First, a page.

Spending the Weekend Atop Tincup Pass

      14 Comments on Spending the Weekend Atop Tincup Pass

Peaks: “Tincup Peak”, 13,345’ (CO Rank 356) and Emma Burr Mountain, 13,538′ (CO Rank 229)
Crew: Me, Colin M.


It’s not the sexiest of locations, but I gained an appreciation of the southern Sawatch this weekend. I can’t imagine I’ll be spending too many dry months exploring the area, but where these mountains lack in individual aesthetics is made up for by the quantity of peaks in such a concentrated area. Add a blanket of snow on them and the area truly comes alive.

The high camp is another concept that Colin and I have kicked around for years. After looking at several ideas around the state, we were focused on a pack over along the divide. Unfortunately, our schedules failed to align during the very dry and warm January and February weekends. So, while record setting amounts of snow fell over the past few weeks we wondered if conditions would allow an aggressive itinerary. Once we saw the red “high risk” flashing across the state on the CAIC website about 72 hours before we left, we scaled back to not put ourselves at risk of pushing through unknown terrain required by the car-to-car idea. Instead, we focused on Tincup Pass and venturing south on Saturday after setting up camp and then walk the divide north on Sunday.

Colin and Craig met up for a ski of Homestake Peak on Friday and since I had figured on a car drop Friday night Colin and I made plans to meet in Buena Vista. We got a room at the Topaz Lodge which is a very convenient walking location to the Eddyline Brewpub. We drove to the Eddyline Restaurant on South Main for dinner and while our burgers were very average, the sausage sampler was the star. It contains cuts of pheasant and chicken, wild boar with apricot, smoked buffalo, elk and jalapeno & jackelope and habenero. The fresh horseradish really put it over the top for me. After dinner we drove back to the hotel and walked across the street to drink our weight in Crank Yanker IPA.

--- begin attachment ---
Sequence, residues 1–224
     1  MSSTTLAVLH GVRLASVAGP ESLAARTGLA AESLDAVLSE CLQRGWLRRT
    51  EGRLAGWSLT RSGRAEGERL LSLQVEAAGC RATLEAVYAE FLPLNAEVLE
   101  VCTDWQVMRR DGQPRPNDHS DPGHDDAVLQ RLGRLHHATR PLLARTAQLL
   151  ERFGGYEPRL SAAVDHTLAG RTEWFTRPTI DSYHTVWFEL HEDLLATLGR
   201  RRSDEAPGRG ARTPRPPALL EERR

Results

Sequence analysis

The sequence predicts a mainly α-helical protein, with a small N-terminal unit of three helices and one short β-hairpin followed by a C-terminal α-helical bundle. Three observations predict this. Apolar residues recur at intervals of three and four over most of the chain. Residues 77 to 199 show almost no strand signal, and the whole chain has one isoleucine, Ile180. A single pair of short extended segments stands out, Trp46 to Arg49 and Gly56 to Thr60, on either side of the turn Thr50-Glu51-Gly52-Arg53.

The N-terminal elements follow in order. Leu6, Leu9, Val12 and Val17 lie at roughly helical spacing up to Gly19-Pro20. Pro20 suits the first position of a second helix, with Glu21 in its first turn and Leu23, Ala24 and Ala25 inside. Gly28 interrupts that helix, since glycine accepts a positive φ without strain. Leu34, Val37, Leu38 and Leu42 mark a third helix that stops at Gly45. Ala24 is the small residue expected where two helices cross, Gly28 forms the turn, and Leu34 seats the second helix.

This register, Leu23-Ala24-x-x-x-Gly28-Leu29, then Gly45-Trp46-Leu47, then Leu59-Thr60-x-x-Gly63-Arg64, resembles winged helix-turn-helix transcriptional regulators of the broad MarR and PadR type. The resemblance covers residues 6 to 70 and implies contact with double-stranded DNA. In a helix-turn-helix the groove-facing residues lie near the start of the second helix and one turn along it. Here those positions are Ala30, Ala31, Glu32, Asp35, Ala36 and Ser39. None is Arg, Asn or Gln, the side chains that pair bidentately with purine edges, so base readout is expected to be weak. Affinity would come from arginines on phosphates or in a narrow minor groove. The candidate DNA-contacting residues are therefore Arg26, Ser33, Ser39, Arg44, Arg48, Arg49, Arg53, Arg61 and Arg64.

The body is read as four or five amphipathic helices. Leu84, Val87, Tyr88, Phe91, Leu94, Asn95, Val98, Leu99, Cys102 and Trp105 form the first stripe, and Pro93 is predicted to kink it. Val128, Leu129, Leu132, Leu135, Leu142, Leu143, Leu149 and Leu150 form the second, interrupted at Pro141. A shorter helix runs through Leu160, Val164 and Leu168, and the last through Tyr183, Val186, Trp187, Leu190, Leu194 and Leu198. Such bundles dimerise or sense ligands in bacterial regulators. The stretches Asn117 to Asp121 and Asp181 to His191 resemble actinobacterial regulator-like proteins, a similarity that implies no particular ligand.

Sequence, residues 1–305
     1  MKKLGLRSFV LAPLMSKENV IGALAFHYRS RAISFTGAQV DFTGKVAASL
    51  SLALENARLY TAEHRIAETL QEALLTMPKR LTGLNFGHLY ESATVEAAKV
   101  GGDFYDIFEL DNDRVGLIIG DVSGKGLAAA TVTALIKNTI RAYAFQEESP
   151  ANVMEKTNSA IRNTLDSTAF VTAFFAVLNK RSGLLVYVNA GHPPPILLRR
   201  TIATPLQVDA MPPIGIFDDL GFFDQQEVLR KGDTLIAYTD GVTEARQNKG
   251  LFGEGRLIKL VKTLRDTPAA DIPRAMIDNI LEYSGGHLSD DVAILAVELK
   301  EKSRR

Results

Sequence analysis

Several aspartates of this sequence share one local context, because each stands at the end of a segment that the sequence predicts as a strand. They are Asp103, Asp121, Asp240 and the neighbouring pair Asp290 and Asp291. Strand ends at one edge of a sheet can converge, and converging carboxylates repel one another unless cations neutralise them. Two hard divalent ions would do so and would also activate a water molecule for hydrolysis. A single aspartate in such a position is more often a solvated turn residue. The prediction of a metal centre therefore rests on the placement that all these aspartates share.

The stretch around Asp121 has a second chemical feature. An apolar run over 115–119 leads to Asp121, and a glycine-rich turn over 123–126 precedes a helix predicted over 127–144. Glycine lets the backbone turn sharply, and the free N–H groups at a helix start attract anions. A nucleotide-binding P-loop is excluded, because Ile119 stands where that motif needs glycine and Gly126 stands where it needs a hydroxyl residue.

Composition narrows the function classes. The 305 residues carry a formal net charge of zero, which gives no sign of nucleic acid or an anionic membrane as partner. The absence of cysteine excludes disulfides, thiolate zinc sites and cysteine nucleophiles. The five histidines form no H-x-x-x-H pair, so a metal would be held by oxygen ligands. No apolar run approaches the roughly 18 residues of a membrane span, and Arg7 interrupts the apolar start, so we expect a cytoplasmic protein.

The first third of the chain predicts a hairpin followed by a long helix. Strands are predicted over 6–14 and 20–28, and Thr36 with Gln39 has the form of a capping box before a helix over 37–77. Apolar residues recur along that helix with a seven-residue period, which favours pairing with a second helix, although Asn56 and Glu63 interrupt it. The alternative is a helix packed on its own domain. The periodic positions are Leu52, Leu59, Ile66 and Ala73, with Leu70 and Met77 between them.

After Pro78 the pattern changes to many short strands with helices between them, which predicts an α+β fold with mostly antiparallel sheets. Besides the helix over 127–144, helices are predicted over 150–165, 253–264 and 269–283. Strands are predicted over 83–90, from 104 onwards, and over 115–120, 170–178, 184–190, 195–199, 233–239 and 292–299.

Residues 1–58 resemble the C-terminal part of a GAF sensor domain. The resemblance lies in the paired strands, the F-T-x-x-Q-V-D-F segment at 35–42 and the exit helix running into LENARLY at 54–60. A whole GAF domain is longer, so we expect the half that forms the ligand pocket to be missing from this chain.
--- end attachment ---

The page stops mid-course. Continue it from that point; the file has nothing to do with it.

Once awake and mobile, we swung by the Roastery in town for coffee/tea and some breakfast burritos. If in BV for breakfast, I highly recommend this pit stop. We arrived at the St. Elmo townsite around 9:00 where I asked some snowmobilers about conditions around the pass. One guy was sincere in his response, but didn’t give me anything useful and I got a real snarky response from a commercial group. I would learn/see later, that there’s no point in asking sledders about conditions because, to put it bluntly, they just don’t give a damn. They’ll go on, above, below stuff you couldn’t pay me to walk on let alone put a ¼ ton machine on.

We were on the road around 9:30 for a pleasant 6-mile jaunt up to the pass. The hot sun bore down on us as we snowshoed up the road with our heavy packs. Treeline comes abruptly and we were greeted with views of the upper valley. The snowshoes really weren’t needed, but they definitely came in handy from treeline to the pass, where we arrived around 12:30.

Colin leaving treeline for the pass.

After setting up camp and grabbing lunch (Bagels with Jiff Whipped Peanut Butter/Chocolate) we figured we’d make a run at Fitzpatrick but a pesky 12er, 12,780, stood in our way. It looked like it may get interesting from below, but the small ridge just before the summit turned us back. We were atop a knife edge that was heavily corniced to the south of the divide and to the north was very loose (and exposed) talus. It may have gone, but it really wasn’t worth it. Plus, after seeing it from Tincup the next day, we had 2 or 3 more problem areas to get to Fitzpatrick. Oh well, north of the divide looked friendlier for Sunday’s plans.

Setting up at the pass.

Setting up at the pass.

Colin gaining the summit ridge on 12,780B. The corniced knife edge is just beyond the bump that's seen.

Colin gaining the summit ridge on 12,780B.

12,780 from Tincup on Sunday. The knife edge can be seen along the summit ridge. Note the red tent in the bottom left.

12,780 from Tincup on Sunday. The knife edge can be seen along the summit ridge. Note the red tent in the bottom left.